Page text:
ABOUT THE AUTHOR
Immediately after the Germans invaded Belgium, Louis Raemaekers became one of their fiercest critics. His message was clear: the Netherlands had to take sides for the Allies and abandon its neutral stance. His graphic cartoons depicted the rule of the german military in Belgium, portrayed the Germans as barbarians and Kaiser Wilhelm II as an ally of Satan. His work was confiscated on several occasions by the Dutch government and he was criticized by many for endangering the Dutch neutrality. The minister of Foreign Affairs John Loudon invited Raemaekers, the owner of De Telegraaf H.M.C. Holdert and the editor-in-chief Kick Schröder under pressure from the German government to a meeting, at which he requested them to avoid ‘anything that tends towards insulting the German Kaiser and the German army’. It was not possible to prosecute Raemaekers for as long as the country was not under martial law. But the pressure on him continued, also from Germany: in September 1915 the rumor even started circulating that the German government had offered a reward of 12,000 Guiders for Raemaekers, dead or alive, but proof of an official statement has never been found.
Louis Raemaekers achieved his greatest successes outside his native country. He left for London in November 1915, where his work was exhibited in the Fine art Society, on Bond Street. It was received with much acclaim. Raemaekers became an instant celebrity and his drawings were the talk of the town: ‘they formed the subject of pulpit addresses, and during two months, the galleries where they have been exhibited have been thronged to excess. Practically every cartoon has been purchased at considerable prices.’ He decided to settle in England and his family followed in early 1916. His leaving the Netherlands for London was a godsend for all concerned. Henceforth, the Dutch government could distance itself from the cartoonist and his work in its diplomatic relations, thus stabilising its position vis-à-vis Germany, while Raemaekers himself could cease his hopeless campaign to get the Netherlands to abandon its neutral stance. He may also have realised for himself that his aim of persuading his country to take up arms and thus avoid the fate of Belgium was not very realistic. From early 1915 Raemaekers' cartoons had already appeared in British newspapers and magazines. In early 1916 he signed a contract with the Dailyn Mail and they appeared in this newspaper on a regular basis for the next two years.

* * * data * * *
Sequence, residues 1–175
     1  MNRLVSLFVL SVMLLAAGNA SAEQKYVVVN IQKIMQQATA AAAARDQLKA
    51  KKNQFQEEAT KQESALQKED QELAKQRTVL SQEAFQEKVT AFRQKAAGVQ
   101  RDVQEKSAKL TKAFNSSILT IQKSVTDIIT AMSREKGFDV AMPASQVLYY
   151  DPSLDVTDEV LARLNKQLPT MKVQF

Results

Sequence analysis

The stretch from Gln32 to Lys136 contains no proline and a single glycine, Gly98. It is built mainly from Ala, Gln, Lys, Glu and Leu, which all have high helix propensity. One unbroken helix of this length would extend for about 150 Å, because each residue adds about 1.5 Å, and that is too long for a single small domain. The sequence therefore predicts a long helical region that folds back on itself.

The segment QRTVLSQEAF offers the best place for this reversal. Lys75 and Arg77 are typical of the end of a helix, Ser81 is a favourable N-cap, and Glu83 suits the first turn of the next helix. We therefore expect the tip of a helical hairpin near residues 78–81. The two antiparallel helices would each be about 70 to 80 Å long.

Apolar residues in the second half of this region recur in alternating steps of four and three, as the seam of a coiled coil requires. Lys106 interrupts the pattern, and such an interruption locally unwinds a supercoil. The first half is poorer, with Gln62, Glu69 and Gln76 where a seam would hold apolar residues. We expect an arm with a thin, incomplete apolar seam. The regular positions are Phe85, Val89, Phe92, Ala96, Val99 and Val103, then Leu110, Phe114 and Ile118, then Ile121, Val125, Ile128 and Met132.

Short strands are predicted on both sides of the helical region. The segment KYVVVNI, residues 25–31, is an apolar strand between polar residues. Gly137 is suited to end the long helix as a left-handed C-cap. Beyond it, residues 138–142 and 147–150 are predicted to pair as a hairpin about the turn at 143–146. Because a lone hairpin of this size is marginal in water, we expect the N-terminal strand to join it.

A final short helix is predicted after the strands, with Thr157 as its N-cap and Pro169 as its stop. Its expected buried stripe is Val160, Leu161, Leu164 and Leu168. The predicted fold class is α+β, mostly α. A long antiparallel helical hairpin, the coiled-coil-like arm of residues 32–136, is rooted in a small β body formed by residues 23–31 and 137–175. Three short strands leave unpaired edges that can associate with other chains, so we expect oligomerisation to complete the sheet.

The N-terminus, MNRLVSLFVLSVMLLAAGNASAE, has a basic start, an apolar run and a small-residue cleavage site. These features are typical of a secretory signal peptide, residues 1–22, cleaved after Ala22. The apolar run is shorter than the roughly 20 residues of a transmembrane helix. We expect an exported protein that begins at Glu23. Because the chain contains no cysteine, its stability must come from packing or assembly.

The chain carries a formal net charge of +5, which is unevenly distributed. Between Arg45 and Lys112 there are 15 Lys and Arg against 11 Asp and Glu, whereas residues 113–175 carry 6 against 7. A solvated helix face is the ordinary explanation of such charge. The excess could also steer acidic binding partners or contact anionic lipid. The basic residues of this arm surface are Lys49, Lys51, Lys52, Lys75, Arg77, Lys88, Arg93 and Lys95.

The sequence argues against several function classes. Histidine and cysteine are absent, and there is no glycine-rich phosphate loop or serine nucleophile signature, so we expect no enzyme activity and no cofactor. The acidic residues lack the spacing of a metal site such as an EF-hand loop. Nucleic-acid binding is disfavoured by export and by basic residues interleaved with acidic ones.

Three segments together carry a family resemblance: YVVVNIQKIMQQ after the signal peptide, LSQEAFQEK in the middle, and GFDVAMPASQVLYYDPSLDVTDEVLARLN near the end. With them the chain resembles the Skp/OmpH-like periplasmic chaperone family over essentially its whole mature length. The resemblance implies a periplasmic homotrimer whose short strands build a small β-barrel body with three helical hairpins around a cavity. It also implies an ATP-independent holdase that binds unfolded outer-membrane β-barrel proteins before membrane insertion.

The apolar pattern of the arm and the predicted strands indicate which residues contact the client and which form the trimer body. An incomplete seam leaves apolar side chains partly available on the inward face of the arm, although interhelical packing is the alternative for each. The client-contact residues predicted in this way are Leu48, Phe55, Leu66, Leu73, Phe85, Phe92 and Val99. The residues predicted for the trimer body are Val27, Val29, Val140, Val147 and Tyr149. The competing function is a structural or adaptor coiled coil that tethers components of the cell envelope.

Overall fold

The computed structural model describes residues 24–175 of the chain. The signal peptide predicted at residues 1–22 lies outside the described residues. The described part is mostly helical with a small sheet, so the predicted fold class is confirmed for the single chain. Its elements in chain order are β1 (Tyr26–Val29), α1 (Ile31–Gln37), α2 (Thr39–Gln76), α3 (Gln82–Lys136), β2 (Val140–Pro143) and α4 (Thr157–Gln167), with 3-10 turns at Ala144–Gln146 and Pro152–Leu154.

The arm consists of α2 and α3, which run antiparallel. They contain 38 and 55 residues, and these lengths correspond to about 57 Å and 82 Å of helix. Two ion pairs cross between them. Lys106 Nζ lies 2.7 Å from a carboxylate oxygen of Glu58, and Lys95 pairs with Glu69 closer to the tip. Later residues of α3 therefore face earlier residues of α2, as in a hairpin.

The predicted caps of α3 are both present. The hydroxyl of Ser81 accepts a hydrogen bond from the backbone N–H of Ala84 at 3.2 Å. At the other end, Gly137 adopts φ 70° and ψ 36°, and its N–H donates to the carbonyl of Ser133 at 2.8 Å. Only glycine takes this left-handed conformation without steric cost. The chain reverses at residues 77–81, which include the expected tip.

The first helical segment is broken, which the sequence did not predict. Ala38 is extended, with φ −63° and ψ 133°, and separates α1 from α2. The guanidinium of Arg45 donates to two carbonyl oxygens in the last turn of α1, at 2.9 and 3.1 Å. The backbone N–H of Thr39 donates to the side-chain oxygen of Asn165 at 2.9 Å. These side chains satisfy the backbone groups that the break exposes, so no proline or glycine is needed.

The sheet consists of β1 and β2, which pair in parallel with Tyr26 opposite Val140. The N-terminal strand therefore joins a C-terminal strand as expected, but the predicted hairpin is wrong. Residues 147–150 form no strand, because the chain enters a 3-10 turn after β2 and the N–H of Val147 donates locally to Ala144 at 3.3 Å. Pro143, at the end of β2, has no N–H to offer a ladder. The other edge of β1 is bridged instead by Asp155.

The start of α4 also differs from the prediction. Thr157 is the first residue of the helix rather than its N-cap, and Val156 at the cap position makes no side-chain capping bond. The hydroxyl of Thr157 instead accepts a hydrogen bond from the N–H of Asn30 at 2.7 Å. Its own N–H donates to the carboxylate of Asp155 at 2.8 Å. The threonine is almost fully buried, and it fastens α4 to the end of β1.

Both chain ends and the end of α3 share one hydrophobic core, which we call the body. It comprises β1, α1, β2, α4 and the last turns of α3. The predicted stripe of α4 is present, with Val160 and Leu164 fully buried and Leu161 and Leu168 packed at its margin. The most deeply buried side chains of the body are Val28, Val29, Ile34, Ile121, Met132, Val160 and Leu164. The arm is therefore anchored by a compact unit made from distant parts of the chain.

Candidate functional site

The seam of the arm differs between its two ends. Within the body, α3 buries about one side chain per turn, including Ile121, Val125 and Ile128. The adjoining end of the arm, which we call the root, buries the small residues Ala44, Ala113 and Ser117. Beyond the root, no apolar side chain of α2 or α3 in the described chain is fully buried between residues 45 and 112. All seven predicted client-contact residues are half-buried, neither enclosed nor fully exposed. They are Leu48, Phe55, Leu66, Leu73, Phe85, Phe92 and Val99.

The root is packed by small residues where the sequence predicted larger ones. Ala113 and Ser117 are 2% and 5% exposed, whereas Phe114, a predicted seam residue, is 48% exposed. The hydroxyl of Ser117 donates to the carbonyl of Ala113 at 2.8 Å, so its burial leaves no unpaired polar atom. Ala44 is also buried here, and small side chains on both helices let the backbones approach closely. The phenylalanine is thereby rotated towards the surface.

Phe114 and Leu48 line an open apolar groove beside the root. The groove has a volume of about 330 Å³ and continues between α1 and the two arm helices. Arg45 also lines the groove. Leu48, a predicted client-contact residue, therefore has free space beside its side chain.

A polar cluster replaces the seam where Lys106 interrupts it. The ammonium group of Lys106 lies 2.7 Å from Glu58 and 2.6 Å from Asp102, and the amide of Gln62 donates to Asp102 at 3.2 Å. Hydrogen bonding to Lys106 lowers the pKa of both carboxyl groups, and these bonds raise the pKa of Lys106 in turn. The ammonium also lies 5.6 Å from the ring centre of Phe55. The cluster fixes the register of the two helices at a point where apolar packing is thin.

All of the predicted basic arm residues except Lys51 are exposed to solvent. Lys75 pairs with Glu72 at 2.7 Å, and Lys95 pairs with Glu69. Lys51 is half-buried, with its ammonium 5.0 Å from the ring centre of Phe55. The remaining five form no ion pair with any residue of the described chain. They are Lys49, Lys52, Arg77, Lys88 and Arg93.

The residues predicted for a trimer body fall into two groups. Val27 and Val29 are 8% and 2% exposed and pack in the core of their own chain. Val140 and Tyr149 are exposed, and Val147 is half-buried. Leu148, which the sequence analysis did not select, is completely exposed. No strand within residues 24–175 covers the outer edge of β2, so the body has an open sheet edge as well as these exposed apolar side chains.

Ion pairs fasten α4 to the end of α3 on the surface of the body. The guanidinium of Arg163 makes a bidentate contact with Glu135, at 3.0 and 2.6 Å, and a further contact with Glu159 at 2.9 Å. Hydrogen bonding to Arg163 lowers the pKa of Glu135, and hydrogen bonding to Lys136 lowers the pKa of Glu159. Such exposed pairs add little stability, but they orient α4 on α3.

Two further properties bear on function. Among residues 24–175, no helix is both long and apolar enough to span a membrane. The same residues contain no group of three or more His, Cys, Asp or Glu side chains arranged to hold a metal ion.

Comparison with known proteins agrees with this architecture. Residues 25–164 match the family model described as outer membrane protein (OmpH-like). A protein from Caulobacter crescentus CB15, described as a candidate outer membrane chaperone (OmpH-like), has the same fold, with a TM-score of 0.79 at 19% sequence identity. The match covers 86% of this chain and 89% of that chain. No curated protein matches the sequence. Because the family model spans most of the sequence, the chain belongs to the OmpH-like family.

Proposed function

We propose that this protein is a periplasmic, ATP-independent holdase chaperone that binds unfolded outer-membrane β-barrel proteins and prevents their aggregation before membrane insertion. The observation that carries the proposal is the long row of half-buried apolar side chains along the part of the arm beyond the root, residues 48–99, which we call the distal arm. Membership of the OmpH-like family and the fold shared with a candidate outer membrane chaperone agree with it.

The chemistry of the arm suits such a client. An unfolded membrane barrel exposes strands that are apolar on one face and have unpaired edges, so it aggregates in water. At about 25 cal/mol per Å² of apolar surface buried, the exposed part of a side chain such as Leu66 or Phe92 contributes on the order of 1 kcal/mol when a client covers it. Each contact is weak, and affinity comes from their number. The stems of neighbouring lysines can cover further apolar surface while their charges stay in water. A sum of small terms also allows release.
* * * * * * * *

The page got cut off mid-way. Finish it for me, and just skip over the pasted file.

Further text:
THE GREAT WAR: A NEUTRAL INDICTMENT BY LOUIS RAEMAEKER 1916. 100 CARTOONS
London: The Fine Art Society, Ltd.:, 1916.
First edition. Large format Folio, original cloth backed marbled boards. Leather spine labels, top edge gilt. 100 tipped in plates. Limited to 1,050 copies, of which 1,000 were for sale. In good condition with some soiling and rubbing commensurate with age. This is a rare book.